There are statues and tributes to bizarre local cryptids all over the country that are all worth visiting. And then there’s the Rhinelapus, or Green Monster of Monico, Wisconsin, which looks far stranger than any other.
Part folk art, part cryptozoological mythmaking monument, the Rhinelapus is unlike any of its odd brethren, including the nearby Hodag. The Green Monster was born in the 1940s when a local man Guy Dailey found a huge, strangely shaped piece of wood. The three-pronged mega-log was once the thick roots of a tree, but Dailey thought it looked like a monstrous cross between a rhino, an elephant, and an octopus, so he named his wooden monster the Rhinelapus.
Dailey dragged the natural tripod back home and put it on display in front of the Lake Venus Tavern, where it stood for more than 60 years. Eventually the Rhinelapus was painted green, both to preserve the wood and to finally transform the local icon into a real monster. In the early 2000s, the Rhinelapus, or Green Monster, as it came to be called, was moved to its own little pavilion, where it remains today.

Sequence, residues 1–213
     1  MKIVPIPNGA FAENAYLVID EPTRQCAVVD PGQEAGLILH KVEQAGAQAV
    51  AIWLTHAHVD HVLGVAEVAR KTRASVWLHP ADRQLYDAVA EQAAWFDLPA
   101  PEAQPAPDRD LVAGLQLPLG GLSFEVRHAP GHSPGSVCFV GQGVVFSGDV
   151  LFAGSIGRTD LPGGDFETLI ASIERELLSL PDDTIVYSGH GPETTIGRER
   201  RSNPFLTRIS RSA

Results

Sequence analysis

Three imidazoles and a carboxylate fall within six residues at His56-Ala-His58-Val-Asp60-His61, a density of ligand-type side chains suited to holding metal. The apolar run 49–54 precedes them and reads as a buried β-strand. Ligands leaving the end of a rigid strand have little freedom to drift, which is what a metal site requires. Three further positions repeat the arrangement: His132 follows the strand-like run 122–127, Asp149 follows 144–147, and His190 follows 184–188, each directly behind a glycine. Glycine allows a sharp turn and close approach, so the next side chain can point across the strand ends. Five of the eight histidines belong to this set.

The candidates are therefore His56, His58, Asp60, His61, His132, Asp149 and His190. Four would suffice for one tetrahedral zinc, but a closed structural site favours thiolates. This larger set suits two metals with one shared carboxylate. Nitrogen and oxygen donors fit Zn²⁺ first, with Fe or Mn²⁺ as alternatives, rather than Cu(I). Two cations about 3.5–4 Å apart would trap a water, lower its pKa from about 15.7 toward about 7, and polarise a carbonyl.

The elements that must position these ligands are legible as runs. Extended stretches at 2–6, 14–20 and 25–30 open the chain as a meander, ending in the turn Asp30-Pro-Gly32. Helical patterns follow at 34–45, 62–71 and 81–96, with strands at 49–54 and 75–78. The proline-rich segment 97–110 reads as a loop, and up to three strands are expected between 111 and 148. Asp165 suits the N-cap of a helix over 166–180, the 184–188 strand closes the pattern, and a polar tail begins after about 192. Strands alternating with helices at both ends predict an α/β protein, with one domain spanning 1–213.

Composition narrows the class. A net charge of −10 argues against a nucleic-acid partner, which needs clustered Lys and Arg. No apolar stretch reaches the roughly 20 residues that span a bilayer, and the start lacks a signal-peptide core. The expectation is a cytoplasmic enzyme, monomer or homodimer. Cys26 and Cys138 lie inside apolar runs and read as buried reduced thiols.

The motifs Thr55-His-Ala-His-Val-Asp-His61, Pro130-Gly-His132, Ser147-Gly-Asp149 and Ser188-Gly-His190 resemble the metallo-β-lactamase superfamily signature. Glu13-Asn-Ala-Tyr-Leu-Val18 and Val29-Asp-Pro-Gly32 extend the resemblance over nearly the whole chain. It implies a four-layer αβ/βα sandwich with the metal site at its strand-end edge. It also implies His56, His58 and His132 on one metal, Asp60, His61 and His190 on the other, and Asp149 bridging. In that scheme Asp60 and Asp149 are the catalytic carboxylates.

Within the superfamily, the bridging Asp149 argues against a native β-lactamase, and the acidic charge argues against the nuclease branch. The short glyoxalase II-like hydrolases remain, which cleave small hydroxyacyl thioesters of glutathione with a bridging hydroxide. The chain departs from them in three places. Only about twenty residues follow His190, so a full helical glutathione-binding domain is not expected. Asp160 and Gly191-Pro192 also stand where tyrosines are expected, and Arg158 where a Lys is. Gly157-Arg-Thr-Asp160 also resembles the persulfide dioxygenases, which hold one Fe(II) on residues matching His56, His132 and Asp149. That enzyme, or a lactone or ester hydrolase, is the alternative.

While it stood in its original home in front of the Lake Venus Tavern, the people could walk right up and pet the Rhinelapus at their leisure. Today the local creature is surrounded by a chain link fence, which both seems too weak to hold the big green monster inside and too flimsy to keep all the esoteric cryptid fans out.